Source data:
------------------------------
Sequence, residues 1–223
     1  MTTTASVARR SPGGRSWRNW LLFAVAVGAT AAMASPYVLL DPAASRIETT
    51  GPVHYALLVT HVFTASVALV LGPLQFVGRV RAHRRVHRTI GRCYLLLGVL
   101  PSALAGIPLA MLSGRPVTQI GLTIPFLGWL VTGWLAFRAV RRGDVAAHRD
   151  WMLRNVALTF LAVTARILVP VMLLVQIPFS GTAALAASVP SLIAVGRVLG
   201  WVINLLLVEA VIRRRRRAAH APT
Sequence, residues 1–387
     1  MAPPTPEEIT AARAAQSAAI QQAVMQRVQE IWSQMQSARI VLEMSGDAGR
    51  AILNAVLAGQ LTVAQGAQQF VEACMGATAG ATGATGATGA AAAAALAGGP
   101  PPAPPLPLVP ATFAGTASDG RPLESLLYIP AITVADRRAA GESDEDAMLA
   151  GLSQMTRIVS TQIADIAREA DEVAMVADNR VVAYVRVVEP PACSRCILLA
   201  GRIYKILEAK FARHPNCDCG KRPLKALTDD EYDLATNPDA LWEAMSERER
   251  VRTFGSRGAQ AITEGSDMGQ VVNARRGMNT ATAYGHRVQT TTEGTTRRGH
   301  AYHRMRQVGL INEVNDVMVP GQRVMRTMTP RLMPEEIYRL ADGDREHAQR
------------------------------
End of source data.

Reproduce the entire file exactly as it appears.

Sequence, residues 1–223
     1  MTTTASVARR SPGGRSWRNW LLFAVAVGAT AAMASPYVLL DPAASRIETT
    51  GPVHYALLVT HVFTASVALV LGPLQFVGRV RAHRRVHRTI GRCYLLLGVL
   101  PSALAGIPLA MLSGRPVTQI GLTIPFLGWL VTGWLAFRAV RRGDVAAHRD
   151  WMLRNVALTF LAVTARILVP VMLLVQIPFS GTAALAASVP SLIAVGRVLG
   201  WVINLLLVEA VIRRRRRAAH APT
Sequence, residues 1–387
     1  MAPPTPEEIT AARAAQSAAI QQAVMQRVQE IWSQMQSARI VLEMSGDAGR
    51  AILNAVLAGQ LTVAQGAQQF VEACMGATAG ATGATGATGA AAAAALAGGP
   101  PPAPPLPLVP ATFAGTASDG RPLESLLYIP AITVADRRAA GESDEDAMLA
   151  GLSQMTRIVS TQIADIAREA DEVAMVADNR VVAYVRVVEP PACSRCILLA
   201  GRIYKILEAK FARHPNCDCG KRPLKALTDD EYDLATNPDA LWEAMSERER
   251  VRTFGSRGAQ AITEGSDMGQ VVNARRGMNT ATAYGHRVQT TTEGTTRRGH
   301  AYHRMRQVGL INEVNDVMVP GQRVMRTMTP RLMPEEIYRL ADGDREHAQR